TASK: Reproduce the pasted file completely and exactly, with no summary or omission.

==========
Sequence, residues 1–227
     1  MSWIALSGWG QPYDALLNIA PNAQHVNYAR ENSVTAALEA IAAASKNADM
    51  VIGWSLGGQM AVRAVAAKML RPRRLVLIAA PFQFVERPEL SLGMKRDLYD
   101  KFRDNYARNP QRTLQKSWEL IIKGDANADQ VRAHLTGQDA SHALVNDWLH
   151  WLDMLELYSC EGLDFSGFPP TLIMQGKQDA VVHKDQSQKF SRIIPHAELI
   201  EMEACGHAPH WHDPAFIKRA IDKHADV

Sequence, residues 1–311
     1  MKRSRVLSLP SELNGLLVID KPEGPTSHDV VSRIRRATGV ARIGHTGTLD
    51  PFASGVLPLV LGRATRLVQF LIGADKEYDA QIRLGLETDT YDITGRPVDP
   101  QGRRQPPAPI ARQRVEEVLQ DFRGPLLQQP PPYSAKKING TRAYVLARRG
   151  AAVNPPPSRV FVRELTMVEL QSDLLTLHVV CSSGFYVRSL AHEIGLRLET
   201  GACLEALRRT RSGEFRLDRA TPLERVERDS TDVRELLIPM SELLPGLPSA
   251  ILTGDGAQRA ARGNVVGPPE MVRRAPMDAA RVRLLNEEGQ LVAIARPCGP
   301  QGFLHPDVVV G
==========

Sequence, residues 1–227
     1  MSWIALSGWG QPYDALLNIA PNAQHVNYAR ENSVTAALEA IAAASKNADM
    51  VIGWSLGGQM AVRAVAAKML RPRRLVLIAA PFQFVERPEL SLGMKRDLYD
   101  KFRDNYARNP QRTLQKSWEL IIKGDANADQ VRAHLTGQDA SHALVNDWLH
   151  WLDMLELYSC EGLDFSGFPP TLIMQGKQDA VVHKDQSQKF SRIIPHAELI
   201  EMEACGHAPH WHDPAFIKRA IDKHADV

Sequence, residues 1–311
     1  MKRSRVLSLP SELNGLLVID KPEGPTSHDV VSRIRRATGV ARIGHTGTLD
    51  PFASGVLPLV LGRATRLVQF LIGADKEYDA QIRLGLETDT YDITGRPVDP
   101  QGRRQPPAPI ARQRVEEVLQ DFRGPLLQQP PPYSAKKING TRAYVLARRG
   151  AAVNPPPSRV FVRELTMVEL QSDLLTLHVV CSSGFYVRSL AHEIGLRLET
   201  GACLEALRRT RSGEFRLDRA TPLERVERDS TDVRELLIPM SELLPGLPSA
   251  ILTGDGAQRA ARGNVVGPPE MVRRAPMDAA RVRLLNEEGQ LVAIARPCGP
   301  QGFLHPDVVV G